Deliveroo France, an ex-managing director and two other former senior staff have been summoned to the Paris criminal court from March 8-16 to answer the charges dating back to 2015-2017 of “not declaring a large number of jobs”, said the source.
The British group Deliveroo has enjoyed a dazzling international ride in a short space of time but faces questions over its sustainability, highlighted by a poor stock market debut in London this year.
French prosecutors suspected Deliveroo had “recourse to thousands of workers under a claimed independent status”, the source added.
(article continues below)
See also on The Local:
Deliveroo France issued a statement saying it had operated “in a totally transparent fashion” and “in strict respect of legal dispositions”.
In London, Deliveroo’s initial public offering in March was the biggest stock market launch for a decade, valuing the group at £7.6 billion ($10.4 billion), after the eight-year-old company enjoyed surging sales during coronavirus lockdowns.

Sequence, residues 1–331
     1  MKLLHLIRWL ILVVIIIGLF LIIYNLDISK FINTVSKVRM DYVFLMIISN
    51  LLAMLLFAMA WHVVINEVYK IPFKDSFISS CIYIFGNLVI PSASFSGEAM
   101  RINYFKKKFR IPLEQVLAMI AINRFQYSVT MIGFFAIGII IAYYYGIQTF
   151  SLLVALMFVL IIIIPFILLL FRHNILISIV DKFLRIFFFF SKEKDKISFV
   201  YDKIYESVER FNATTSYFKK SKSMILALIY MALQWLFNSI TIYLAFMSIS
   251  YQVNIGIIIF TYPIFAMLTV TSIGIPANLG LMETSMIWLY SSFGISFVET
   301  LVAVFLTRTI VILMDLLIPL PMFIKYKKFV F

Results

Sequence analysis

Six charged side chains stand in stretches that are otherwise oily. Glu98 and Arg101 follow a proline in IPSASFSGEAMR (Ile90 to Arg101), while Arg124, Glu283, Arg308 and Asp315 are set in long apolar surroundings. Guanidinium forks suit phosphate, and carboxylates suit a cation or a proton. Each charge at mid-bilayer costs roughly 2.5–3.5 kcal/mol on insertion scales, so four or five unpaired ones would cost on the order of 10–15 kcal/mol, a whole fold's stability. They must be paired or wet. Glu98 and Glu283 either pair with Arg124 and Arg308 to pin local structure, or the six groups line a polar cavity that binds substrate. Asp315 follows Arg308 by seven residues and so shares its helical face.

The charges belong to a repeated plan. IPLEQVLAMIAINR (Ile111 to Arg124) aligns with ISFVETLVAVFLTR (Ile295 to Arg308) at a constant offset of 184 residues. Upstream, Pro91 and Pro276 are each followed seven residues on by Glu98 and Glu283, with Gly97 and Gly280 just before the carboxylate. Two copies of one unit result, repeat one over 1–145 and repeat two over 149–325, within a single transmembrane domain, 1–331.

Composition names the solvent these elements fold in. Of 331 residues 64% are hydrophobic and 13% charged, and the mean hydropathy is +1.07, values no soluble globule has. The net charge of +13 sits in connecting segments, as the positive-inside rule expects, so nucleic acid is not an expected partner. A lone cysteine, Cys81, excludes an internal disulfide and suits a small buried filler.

But its share price tumbled on launch day by almost a third as investors questioned Deliveroo’s treatment of its self-employed riders.
The company announced plans at the end of July to exit Spain after Madrid approved a labour law reform that recognises delivery riders as staff, meaning they must be provided with social benefits such as paid holidays and sick leave.
Deliveroo said “achieving a top-tier market position” in Spain “would require a disproportionate level of investment with highly uncertain long-term potential returns”.
Its riders in the UK meanwhile recently lost a bid to join a British union as the UK Court of Appeal ruled that they are self-employed.